Your bad Monday actually starts on Sunday. Hours before your alarm jolts you awake, your mind is already stockpiling anxieties about the week ahead. The commute, the meetings, the hours in front of a computer. Then Monday happens and guess what: It’s not nearly as painful as you thought it was going to be.
“Monday in the abstract is really bad,” says Ingrid Fetell, a design director at Ideo’s New York office. The reality isn’t usually that rough. Monday has become a scapegoat for our unhappiness. We’ve been conditioned to dread it, even if the things we hate about Monday really have nothing to do with with the day itself. In other words, first workday of the week had a perception problem. Ideo set out to redesign it.
How exactly does one go about redesigning a day? To figure that out, Ideo partnered with Studio360, a WNYC radio show hosted by Kurt Andersen. To start, Fetell and her colleagues looked at an entirely different day of the week. “It actually helps us pin down what’s happening on Monday when we understand why Friday feels so good,” she says. Friday is about freedom; it’s about the prospect of seeing friends, being unbeholden to anything other than the stuff we want to do. It’s the polar opposite of Monday’s expectation and structure. With this insight in mind, the team crafted three ideas they hope will make the start of the week a little less horrible.
First: Make The Act Of Waking Up More Pleasant
Waking up sucks. But you know what sucks even more? Waking up to the blaring default alarm sound on your phone. This simple observation is the basis of Ideo’s first provocation, Lolzzz. It’s an alarm clock that gently shakes you from your slumber with a child’s laughter. Studies have shown that our brains respond to laughter by lighting up in the premotor cortex, the same area of our brain that prepares our face to smile, Fetell says. In other words, waking up to laughter means you’re neurologically waking up with a smile on your face. Not a bad way to start the week.
The prototype clock is a simple piece of wood that rocks back and forth, as though it’s reeling from a bout of tickles. The form is friendly—or rather, joyful. Fetell has spent several years investigating what she calls an “aesthetic of joy.” She’s interested in how shape, form and color impact our emotions. More specifically, she’s interested in how designers can impart a sense of joy in their work by harnessing what we know about the way our brains process visual information.
Not surprisingly, our brains associate certain colors and shapes with certain emotions. Pop psychology will tell you that yellow is happy or blue is calming—not exactly earth shattering findings. Fetell prefers to cite studies which show how the area of our brains related to primal anxiety and fear light up when we see sharp corners, like you might on a conference table. “It’s really adaptive,” she says. “It makes sense that sharp angles are something you’d want to avoid.”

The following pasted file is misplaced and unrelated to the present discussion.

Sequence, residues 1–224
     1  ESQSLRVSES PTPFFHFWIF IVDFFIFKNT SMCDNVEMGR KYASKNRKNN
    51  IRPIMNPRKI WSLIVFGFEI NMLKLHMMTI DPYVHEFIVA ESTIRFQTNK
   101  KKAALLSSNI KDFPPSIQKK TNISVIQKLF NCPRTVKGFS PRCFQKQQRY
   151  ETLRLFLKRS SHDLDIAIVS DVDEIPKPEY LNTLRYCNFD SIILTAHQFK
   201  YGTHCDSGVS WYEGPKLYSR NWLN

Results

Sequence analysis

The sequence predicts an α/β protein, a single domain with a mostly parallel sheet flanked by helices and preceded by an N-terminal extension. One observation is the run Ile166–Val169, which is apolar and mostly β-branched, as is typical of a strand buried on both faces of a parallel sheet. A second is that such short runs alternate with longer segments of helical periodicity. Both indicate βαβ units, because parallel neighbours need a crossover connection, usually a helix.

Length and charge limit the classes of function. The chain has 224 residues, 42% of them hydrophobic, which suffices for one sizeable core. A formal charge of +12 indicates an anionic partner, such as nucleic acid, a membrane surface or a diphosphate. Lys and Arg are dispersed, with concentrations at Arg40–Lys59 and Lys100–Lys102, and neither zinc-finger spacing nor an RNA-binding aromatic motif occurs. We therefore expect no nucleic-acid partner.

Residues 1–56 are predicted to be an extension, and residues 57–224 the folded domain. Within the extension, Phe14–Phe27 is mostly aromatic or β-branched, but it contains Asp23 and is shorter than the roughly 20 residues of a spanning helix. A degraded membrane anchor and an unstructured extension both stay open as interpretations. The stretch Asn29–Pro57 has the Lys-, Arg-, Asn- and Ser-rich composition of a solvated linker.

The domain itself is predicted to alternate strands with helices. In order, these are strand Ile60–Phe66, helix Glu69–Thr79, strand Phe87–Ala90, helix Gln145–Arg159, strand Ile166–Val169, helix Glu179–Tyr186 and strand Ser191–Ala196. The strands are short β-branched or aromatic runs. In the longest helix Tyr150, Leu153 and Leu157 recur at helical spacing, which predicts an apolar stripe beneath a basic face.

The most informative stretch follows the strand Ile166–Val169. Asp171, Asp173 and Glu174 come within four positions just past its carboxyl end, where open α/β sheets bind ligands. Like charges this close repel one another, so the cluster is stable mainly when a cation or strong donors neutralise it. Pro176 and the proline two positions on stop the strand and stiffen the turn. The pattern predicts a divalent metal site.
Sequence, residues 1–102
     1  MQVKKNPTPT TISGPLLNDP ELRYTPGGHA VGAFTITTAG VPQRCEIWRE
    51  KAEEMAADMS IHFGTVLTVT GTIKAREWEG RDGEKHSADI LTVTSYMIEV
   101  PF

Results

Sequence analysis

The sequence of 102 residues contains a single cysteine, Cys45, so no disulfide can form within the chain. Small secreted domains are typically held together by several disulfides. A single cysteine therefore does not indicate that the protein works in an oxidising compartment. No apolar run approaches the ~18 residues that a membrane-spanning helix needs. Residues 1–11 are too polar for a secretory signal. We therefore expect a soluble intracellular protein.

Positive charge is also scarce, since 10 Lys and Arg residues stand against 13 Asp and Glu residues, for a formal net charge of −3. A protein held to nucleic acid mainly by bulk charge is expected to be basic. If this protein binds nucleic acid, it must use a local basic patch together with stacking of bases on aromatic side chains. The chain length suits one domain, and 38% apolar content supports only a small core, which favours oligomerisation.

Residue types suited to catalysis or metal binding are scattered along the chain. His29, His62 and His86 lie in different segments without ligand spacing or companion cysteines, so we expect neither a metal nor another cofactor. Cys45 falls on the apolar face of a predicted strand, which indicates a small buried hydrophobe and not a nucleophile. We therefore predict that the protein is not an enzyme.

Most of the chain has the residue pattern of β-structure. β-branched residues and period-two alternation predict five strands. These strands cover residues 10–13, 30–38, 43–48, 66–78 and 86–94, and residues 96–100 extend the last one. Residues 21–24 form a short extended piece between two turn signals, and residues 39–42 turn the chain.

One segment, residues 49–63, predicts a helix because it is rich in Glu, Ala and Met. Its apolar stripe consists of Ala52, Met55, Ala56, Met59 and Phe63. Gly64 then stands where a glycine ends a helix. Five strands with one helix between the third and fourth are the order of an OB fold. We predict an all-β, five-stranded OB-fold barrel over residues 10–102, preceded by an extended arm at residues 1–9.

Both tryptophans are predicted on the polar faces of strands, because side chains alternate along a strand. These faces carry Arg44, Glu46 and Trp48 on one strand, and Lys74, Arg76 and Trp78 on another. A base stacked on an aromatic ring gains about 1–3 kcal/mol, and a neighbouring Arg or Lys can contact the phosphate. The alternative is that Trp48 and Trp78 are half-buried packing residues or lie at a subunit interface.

Second: Find Reasons To Be Happy
So you’re up. Great. Now it’s time to peek at your calendar. Yikes. Few things are as stress-inducing as seeing a solid block of appointments and meetings. Ideo realized that despite a full schedule, there are still opportunities to find small, unexpected moments of joy in the day. Maybe it’s free donuts in the kitchen or maybe you have time to grab a drink with a friend after work. “These things aren’t big enough to make a dent in the anticipation or dread of Monday,” she says. “But we wanted to create a tool that surfaced them.”
Their solution is PopUp, an app that scrapes your calendar for unseen moments of joy. The app will notify you of fun detours while you’re en route to somewhere or remind you that you’re about to meet someone new. It does so by ditching the typical rectangular calendar boxes for bubble-like circles. (“Joy is not a constant state, it’s an unexpected burst,” Ideo describes.)
Its physical counterpart is a funny little gadget that blows a bubble every time you have a meeting. “The horror of calendar comes into sharpest focus with notifications,” says Fetell. “We thought that this device that sends up one perfect bubble would be the best possible way and most surprising way to be notified about a meeting.”
Third: Look For Opportunities To Be Grateful
Like we mentioned earlier, Sunday is when your Monday anxiety begins. “Sunday night is a time of scarcity,” Fetell says. “You’re focusing on what you don’t have and what you don’t have is any more weekend.” Instead of thinking about what you’ll soon lose, Ideo made an app that will let you focus on what you should be grateful for.
Every Sunday night, the app, called Sincerely, asks you to record a note of gratitude that will be sent to someone you care about. That message will be delivered and (hopefully) you’ll get a note back filled with warm fuzzies on Monday. Ideo designed a prototype set of old school (but Bluetooth-enabled) can walkie-talkies whose antennas wag like a dog’s tail when you have a new message.
The bubble machines and can phones all seem a little twee, but Fetell insists the Monday redesign isn’t just about slathering the day in delight, a word Fetell says gets a bad rap because it’s “indiscriminately applied.” Instead, it’s about what she describes as “purposeful pleasure.” Changing an ingrained behavior—hating Mondays, for instance—isn’t about broad, sweeping overhauls. “It’s more about how do we create these little ripples that spiral out,” says Fetell. “It’s starting small to have bigger effects.”
Text via Wired
Image via Ideo